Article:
This issue is focused on the PSMA scan, which represents a major advance in prostate cancer imaging. This technique allows us to image prostate cancer metastases to bone and other sites down to 2-4 mm, far below the threshold of the commonly used CT and MRI scan.
The PSMA scan looks to improve the management of prostate cancer at several points in the natural history of this cancer. In men with newly diagnosed prostate cancer, this scan will improve our ability to identify men with early metastatic disease. These men are likely to recur after radical prostatectomy and can better be treated by approaches that take into consideration the extent of their disease.
In patients with metastatic disease, this scan is much better than the CT and bone scan in identifying the sites of metastatic disease. This will likely improve our ability to identify oligometastatic disease as well as direct radiation therapy in this setting. It is also likely to do a better job documenting response to systemic treatment as well as progression.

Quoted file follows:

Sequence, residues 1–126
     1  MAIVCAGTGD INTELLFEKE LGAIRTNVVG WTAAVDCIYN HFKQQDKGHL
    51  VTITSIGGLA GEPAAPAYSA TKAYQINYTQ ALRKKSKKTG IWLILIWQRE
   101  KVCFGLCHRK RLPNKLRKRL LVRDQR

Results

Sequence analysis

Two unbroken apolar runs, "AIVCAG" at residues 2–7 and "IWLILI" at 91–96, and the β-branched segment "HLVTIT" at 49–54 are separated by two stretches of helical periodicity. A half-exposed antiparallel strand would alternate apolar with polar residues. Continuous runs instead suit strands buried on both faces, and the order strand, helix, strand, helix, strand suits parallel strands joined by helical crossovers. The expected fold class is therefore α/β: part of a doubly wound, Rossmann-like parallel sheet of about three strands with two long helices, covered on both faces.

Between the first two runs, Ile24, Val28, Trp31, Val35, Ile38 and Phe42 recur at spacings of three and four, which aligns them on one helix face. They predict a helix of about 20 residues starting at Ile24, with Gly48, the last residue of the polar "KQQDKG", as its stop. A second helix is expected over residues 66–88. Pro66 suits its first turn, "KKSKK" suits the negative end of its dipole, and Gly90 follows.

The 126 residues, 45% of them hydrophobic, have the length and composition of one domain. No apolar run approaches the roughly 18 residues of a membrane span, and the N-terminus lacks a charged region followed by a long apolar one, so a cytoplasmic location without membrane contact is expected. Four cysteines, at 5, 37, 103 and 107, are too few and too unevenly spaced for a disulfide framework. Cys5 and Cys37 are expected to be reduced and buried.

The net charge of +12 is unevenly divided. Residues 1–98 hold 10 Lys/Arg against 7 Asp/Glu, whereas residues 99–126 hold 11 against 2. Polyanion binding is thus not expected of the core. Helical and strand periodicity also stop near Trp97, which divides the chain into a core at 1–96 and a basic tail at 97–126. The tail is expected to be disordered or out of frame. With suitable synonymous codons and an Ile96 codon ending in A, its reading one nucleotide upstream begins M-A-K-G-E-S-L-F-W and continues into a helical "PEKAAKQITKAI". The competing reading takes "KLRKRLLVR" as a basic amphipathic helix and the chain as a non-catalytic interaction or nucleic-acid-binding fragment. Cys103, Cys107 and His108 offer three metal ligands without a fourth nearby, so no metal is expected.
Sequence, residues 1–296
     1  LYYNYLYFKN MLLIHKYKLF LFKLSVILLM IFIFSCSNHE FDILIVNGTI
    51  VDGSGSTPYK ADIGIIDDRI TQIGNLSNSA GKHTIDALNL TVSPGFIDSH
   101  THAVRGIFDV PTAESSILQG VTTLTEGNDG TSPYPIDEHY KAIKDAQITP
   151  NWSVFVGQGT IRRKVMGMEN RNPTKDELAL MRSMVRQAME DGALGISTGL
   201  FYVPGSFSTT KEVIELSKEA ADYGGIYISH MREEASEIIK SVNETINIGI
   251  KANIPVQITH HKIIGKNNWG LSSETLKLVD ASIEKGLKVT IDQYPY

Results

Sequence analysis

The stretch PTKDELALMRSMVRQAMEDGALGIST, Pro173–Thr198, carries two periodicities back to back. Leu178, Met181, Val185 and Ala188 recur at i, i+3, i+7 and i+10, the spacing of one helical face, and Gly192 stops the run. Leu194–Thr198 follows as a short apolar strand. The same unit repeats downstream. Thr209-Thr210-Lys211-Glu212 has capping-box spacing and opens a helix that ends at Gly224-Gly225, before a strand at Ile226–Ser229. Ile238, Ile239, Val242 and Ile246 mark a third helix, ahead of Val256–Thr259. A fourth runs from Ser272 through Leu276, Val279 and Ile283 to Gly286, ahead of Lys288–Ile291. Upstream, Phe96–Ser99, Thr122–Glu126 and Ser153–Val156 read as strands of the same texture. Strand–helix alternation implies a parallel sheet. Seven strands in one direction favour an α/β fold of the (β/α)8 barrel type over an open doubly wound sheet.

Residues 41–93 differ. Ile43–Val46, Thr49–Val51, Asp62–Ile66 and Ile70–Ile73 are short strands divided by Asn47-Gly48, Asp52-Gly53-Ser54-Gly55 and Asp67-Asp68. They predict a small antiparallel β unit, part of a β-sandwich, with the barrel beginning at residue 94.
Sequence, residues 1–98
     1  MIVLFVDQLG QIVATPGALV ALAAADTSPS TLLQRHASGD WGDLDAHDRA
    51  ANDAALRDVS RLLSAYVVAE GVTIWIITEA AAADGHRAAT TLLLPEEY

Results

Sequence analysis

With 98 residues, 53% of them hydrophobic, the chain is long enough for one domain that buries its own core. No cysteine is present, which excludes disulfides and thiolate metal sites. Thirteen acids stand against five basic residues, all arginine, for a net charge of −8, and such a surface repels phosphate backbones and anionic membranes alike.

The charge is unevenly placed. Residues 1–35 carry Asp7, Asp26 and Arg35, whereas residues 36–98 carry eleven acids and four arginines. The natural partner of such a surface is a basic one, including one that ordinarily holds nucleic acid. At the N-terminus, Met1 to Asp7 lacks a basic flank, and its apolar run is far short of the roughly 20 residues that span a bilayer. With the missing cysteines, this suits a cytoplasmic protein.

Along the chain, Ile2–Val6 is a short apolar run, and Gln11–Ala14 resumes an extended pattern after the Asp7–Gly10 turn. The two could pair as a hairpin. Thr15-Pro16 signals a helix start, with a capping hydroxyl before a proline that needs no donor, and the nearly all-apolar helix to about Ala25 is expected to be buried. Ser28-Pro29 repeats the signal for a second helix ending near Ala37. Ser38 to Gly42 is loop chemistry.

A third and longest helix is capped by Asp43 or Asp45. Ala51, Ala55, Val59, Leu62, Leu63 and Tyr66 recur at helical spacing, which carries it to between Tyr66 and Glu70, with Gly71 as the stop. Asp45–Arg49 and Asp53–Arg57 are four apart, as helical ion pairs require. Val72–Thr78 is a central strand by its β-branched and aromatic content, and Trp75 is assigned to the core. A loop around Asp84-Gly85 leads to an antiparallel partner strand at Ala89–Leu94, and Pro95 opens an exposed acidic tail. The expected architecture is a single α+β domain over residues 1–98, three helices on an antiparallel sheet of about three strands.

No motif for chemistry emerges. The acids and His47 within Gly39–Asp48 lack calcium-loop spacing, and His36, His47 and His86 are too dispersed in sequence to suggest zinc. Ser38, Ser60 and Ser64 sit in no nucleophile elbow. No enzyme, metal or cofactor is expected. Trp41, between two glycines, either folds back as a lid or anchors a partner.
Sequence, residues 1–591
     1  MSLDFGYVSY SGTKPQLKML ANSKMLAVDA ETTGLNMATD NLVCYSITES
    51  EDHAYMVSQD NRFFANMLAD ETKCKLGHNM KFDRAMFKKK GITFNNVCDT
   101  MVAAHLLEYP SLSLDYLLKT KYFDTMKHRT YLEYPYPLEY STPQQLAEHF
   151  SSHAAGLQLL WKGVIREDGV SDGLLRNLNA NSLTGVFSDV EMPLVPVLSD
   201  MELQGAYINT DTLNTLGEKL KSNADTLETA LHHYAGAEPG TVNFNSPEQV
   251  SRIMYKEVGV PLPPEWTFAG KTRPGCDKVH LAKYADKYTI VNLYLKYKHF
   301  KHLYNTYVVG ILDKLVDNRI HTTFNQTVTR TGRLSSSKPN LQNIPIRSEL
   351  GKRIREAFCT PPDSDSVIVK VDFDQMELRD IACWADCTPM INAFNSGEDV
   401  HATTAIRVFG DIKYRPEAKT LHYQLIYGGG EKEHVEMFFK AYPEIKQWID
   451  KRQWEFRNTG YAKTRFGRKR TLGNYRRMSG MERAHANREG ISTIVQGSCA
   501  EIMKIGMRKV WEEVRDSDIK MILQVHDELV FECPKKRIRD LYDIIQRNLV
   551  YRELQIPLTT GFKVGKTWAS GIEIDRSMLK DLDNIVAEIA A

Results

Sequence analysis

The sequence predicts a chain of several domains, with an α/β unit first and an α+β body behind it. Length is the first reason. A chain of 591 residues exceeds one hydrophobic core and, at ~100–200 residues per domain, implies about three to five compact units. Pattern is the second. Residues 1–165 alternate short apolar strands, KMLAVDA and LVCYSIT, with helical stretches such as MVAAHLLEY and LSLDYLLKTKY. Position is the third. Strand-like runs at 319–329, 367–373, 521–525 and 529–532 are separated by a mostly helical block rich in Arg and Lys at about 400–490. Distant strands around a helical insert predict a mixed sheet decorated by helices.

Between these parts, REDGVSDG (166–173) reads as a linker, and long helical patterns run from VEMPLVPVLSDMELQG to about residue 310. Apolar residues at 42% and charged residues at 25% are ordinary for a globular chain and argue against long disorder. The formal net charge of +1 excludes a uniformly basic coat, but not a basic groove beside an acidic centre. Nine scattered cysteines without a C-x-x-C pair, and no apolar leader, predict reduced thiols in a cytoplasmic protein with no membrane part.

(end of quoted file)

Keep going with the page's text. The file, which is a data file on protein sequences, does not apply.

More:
It is important to recognize that this scan has certain limitations. While this scan is quite sensitive, it does have a lower limit of 2-4 mm in the size of the metastases it can visualize. Additionally, there are prostate cancers that produce little or no PSMA and are thus not identified by this scan. Some metastatic lesions have been shown to have areas that are PSMA negative and areas that are positive. Thus treatment targeted at PSMA positive cancer might foster the emergence of PSMA negative cancer.
Charles E. Myers, Jr., MD